Make it Right


All this builds to a strong ending with memorable tragic elements. Too many games putter to a stop or tack on a “to be continued” sign at the end. Shadow Warrior ends on conclusive and surprisingly stark note. While I certainly wouldn’t object to a sequel it is refreshing to see a self contained story that can stand on its own.

Attractive cut-scenes reminiscent of Japanese woodblock prints break up the acts.
The story they tell isn't destined for a happy ending.
If the campaign leaves you still hungry you can take all your karma upgrades and weapons with you and run through it again in the New Game + mode. You can even crank up the difficulty and keep all your stuff, which wasn’t allowed in Hard Reset. A run through on normal is a good way to build yourself up if you’re planning on hunting some of the tougher achievements, many of which are locked at lower difficulty levels. Flying Wild Hog also just recently added a survival mode, a welcome addition that distills the game down to bracing combat with no distractions.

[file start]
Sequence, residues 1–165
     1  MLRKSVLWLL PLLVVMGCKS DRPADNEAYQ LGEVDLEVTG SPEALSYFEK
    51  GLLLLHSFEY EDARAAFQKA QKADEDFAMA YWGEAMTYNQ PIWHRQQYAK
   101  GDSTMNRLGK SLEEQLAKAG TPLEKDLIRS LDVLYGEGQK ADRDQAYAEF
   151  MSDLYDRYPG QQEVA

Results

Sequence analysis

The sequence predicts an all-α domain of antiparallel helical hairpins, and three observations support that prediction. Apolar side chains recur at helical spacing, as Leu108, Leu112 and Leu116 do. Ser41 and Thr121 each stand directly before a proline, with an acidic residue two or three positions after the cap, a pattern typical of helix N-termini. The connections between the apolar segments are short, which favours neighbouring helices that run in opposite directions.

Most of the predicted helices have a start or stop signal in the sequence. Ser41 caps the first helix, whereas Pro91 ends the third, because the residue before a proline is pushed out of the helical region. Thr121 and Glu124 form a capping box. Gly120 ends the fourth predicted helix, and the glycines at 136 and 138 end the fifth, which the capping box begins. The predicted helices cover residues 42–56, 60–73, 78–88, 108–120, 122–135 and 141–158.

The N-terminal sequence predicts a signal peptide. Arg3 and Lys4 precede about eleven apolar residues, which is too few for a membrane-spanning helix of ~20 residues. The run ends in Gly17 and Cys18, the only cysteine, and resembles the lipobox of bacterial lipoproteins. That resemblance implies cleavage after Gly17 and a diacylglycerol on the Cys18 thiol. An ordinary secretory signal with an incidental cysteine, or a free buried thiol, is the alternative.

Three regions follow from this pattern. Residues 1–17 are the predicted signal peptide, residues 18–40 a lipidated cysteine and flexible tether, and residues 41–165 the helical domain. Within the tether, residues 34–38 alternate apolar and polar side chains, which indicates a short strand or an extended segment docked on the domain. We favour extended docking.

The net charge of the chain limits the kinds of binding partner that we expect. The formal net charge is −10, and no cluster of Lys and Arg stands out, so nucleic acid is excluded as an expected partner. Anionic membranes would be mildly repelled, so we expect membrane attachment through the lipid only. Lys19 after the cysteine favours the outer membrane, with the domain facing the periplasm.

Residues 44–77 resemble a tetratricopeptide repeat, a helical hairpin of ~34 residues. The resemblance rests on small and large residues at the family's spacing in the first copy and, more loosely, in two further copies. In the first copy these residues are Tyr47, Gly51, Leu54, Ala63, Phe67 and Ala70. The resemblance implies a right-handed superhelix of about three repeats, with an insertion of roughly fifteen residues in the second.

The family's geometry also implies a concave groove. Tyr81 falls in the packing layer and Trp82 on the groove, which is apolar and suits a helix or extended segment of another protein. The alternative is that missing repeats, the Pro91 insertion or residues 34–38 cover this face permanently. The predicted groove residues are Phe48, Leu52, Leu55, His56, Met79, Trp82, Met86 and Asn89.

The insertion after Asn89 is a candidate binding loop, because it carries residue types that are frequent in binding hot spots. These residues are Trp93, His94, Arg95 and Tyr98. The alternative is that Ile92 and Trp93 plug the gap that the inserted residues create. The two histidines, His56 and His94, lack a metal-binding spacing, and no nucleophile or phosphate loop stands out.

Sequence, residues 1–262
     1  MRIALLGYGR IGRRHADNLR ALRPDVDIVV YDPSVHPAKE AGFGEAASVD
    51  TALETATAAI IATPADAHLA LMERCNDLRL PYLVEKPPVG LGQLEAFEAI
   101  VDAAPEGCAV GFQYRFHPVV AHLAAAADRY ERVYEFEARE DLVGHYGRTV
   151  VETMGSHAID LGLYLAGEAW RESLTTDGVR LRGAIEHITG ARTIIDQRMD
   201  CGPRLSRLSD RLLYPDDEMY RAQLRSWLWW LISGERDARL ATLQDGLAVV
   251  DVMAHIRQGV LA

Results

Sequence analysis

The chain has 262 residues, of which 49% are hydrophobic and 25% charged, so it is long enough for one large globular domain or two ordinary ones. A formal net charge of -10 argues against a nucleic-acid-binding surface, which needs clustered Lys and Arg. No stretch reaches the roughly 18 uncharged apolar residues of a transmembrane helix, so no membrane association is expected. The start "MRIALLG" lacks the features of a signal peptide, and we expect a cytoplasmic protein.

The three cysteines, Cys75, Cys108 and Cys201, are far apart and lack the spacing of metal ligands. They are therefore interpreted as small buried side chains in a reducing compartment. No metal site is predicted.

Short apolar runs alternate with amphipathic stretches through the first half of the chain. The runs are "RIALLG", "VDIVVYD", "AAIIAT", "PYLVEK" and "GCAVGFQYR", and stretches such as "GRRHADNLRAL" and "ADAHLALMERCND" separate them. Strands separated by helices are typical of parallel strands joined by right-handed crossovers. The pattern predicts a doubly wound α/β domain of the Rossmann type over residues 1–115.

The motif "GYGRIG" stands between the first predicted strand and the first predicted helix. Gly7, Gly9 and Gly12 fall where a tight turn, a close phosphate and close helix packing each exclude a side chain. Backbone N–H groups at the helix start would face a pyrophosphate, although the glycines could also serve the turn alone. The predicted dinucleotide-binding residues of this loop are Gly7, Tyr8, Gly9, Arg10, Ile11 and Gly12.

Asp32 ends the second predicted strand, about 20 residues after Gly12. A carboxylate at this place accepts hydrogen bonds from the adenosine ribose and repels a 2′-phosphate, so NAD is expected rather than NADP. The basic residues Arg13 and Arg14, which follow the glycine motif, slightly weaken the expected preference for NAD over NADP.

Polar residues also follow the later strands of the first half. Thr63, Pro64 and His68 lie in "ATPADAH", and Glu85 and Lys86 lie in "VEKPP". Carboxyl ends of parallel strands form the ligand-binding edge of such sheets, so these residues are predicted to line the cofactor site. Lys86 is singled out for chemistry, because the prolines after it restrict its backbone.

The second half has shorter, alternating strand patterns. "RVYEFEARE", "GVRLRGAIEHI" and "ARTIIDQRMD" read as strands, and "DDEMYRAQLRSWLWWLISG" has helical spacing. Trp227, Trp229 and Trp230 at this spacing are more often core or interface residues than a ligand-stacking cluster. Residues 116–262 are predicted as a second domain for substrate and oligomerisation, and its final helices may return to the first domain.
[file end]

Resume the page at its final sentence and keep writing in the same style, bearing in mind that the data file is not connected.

In conclusion Shadow Warrior is the game Duke Nukem Forever should have been. It’s full of affectionate references to the source material while growing past the immature mentality. The charm and humor are real, but there is a serious story and real character work holding up the demon dismemberment and laughs. It’s one of the best and certainly the most under-rated shooter of 2013.

Reasons to Play: Frantic limb-hewing combat. Sword is a joy to use. Surprisingly strong character work and story. Emulates all the best parts of the source material while still growing up.

Reasons to pass: Later acts have visually weaker environments. Boss fights can become a slog. No multiplayer component, if you crave the classic version’s deathmatch.

Articles copyright James Cousar, games and images copyright their respective owners.